November 11 2011 at 4:29 PM Report abuse -5 rate up rate down Reply
2 replies to billyjoeobama's comment

like I said about you, just a wishy- washy curmugeon

November 11 2011 at 6:30 PM Report abuse +3 rate up rate down Reply
2 replies to stevendy1's comment

You lie. You are nothing but a welfare slug. BSer

November 11 2011 at 7:01 PM Report abuse -4 rate up rate down

Is that you Barney Franks?

November 11 2011 at 7:40 PM Report abuse -3 rate up rate down

And you're a tweaked out Obama Zombie. How's that hope and change working out for you stevie ? HillBilly get your lost GM stock back for you yet?

November 11 2011 at 6:45 PM Report abuse -3 rate up rate down Reply
3 replies to billyjoeobama's comment

a total bunch if plainly mis-informed , ill-educated people on here making snide, uninformed remarks about which they obviously know nothing...this is our countries poor ,poor people...ahh to have everything your way as you thought it was and will never be...great to be ignorant isnt it ??

November 11 2011 at 4:02 PM Report abuse +1 rate up rate down Reply
2 replies to stevendy1's comment

This country's problem is dopes like Obama and his flock of sheeples

November 11 2011 at 4:40 PM Report abuse -3 rate up rate down Reply

You sound like the misinformed uneducated stevendy1

November 11 2011 at 4:43 PM Report abuse -5 rate up rate down Reply
2 replies to billyjoeobama's comment

with such a fake name as yours and your dithering back and forth in your opinions on here, just WHERE do you stand ? on anything wishy-washy?

November 11 2011 at 6:26 PM Report abuse +3 rate up rate down

You sound like a fake flake ! Lmao

November 11 2011 at 6:46 PM Report abuse -5 rate up rate down
Huskins Invest

Well the current attitude is to buy American. It backfires if and when the rest of the world decide to support THEIR own products.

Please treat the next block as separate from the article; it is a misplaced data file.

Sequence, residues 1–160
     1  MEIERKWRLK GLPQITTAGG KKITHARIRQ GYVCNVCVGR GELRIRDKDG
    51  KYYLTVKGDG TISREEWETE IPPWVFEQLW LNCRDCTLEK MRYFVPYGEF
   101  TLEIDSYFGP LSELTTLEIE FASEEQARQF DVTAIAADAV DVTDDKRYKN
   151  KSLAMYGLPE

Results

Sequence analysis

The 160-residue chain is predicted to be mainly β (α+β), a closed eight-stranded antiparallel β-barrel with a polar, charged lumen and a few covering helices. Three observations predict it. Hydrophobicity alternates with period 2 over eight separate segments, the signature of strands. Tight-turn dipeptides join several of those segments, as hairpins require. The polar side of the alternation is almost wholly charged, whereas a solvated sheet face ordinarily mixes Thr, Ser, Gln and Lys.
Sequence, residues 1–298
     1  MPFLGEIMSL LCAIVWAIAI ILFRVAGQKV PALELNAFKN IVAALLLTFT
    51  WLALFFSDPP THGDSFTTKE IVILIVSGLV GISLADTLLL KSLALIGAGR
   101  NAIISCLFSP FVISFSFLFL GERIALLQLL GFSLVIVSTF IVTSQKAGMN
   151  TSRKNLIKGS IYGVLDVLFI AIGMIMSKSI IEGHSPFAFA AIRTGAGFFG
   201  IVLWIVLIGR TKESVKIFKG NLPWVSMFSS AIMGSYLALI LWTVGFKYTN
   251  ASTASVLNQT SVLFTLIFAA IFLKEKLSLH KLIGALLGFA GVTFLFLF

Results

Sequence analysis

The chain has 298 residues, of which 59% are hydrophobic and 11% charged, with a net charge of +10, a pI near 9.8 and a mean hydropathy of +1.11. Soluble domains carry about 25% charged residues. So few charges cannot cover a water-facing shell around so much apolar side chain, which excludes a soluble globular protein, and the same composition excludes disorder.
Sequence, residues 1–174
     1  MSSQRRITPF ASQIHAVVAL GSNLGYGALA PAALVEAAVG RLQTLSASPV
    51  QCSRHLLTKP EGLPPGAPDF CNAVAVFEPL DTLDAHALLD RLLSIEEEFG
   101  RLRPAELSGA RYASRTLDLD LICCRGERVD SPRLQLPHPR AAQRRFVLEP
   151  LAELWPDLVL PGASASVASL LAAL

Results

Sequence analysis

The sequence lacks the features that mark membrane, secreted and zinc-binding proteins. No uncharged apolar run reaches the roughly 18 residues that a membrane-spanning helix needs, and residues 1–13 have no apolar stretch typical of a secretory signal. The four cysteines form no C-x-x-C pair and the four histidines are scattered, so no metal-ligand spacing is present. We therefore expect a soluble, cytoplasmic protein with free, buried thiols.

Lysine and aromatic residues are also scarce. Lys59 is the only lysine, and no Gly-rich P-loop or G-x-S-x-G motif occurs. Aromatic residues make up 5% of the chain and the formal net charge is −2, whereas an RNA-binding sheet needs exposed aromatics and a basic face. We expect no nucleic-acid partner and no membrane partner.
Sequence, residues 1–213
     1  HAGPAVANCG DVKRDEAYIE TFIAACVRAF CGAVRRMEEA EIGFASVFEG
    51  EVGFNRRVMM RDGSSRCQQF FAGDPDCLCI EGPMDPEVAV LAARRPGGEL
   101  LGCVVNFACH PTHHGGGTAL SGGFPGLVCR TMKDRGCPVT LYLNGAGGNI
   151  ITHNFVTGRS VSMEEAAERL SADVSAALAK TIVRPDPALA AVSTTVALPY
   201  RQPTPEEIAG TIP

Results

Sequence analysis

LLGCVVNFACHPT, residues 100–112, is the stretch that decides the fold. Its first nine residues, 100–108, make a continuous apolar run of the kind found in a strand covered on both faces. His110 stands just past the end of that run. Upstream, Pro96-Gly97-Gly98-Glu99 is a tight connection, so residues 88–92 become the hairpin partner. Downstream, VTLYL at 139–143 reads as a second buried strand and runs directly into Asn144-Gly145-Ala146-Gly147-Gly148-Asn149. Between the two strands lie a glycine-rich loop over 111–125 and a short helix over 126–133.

.The US companies have been hustling products around the world and taking profit away for a very long time. If the US would change the tax structure, we could bring jobs back to america. We would prosper again. Take a look at FAIRTAX.ORG. This GM story is just a single example.

November 11 2011 at 2:58 PM Report abuse +1 rate up rate down Reply

When GM dumps the Union Scumbags I will buy another GM product , until then , good luck Union Scumbags .
I don't dislike GM just the UAW Scumbags .

November 11 2011 at 1:47 PM Report abuse -4 rate up rate down Reply
2 replies to hemipwr54's comment

damn, you are really a big crybaby arent you.?? didnt get hired at a gm plant sometime and now youre still carrying that chip on your shoulder arent you..??? grow up or at least learn something besides retribution and paybacks !!

November 11 2011 at 4:14 PM Report abuse +2 rate up rate down Reply
1 reply to stevendy1's comment

Funny when the UAW needs money they beg like little cry babies , but now they feel safe they call us peons and demand we buy their junk , reason why I hate UAW Scumbags .
Again how many Undocumented Workers does Unions employee ? Just as I thought !

November 11 2011 at 4:33 PM Report abuse -2 rate up rate down

good thing you never worked a 40 hour work week with paid overtime, holidays and health and retirement benefits in your lifetime! those programs brought to you thru sacrifice and lives by the unions. you are a self made man right? haha.

November 13 2011 at 11:49 AM Report abuse rate up rate down Reply